That’s the conclusion of a Rutgers-NOAA study that found the jet stream is now taking a longer and more erratic path due to global warming.
The jet stream is a powerful, high-altitude river of air that transports weather systems around the planet.
It’s fueled by differences in temperature between the Arctic and the middle latitudes.
And because temperatures across the Arctic have been rising two to three times more rapidly than in the rest of the world, those differences are now less and causing the jet stream to slow.
This is resulting in weather that remains the same for prolonged periods, like in the barrage of blizzards that buried parts of Canada and the United States and the onslaught of oceanic storms that has swamped and battered Britain most of this winter.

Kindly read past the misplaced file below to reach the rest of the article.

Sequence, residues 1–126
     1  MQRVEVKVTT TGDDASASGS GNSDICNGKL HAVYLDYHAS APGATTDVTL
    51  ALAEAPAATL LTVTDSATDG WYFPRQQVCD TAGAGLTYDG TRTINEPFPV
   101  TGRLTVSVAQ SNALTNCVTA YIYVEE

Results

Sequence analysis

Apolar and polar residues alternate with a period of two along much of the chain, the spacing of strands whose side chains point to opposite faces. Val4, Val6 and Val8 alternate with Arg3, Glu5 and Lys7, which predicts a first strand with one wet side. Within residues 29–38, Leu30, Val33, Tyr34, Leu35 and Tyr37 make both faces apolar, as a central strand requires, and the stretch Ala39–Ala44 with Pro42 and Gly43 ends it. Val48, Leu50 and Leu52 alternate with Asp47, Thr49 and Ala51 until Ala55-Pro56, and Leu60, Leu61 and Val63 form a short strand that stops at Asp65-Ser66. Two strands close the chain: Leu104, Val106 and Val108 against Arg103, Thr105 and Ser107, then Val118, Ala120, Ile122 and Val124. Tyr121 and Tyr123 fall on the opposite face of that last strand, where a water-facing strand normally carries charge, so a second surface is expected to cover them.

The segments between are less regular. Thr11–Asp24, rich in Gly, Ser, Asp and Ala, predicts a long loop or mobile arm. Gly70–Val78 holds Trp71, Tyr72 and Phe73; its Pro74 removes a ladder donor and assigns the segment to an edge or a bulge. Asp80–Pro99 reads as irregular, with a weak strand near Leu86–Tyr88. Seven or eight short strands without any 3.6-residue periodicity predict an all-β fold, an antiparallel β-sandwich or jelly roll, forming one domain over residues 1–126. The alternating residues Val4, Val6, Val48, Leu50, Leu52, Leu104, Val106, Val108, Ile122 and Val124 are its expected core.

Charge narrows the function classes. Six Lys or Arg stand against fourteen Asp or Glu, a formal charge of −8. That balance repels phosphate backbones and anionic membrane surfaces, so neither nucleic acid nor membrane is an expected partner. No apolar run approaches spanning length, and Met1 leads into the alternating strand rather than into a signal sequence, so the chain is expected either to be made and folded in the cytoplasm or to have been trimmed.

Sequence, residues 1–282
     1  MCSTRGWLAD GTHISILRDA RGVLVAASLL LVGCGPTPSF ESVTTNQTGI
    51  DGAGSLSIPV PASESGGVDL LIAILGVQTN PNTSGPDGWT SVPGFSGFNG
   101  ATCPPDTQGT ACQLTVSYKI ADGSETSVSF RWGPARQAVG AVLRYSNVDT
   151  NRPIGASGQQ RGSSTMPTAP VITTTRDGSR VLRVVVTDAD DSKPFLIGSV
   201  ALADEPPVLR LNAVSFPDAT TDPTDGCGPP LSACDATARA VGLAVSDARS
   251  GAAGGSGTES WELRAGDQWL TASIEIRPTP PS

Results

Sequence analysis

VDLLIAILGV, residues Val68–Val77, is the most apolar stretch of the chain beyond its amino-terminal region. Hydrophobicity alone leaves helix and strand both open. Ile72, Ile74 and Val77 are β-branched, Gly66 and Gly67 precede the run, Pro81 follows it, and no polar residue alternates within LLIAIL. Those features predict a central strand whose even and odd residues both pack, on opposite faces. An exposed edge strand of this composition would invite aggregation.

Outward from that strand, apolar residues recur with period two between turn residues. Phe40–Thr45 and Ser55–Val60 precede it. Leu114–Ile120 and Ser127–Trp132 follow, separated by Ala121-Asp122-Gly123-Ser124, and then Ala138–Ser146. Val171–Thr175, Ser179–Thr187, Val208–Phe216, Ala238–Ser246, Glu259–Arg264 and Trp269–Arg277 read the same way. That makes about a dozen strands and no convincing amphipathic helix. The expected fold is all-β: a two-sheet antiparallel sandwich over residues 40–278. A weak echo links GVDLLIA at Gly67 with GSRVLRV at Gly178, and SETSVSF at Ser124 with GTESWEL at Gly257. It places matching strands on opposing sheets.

“We can expect more of the same and we can expect it to happen more frequently,” said Rutgers researchers Jennifer Francis, speaking during a session on Arctic change at the annual meeting of the American Association for the Advancement of Science in Chicago.
“Fundamentally, the strong warming that might drive this is tied in with the loss of sea-ice cover that we're seeing, because the sea-ice cover acts as this lid that separates the ocean from a colder atmosphere,” added Mark Serreze, director of the U.S. National Snow and Ice Data Center.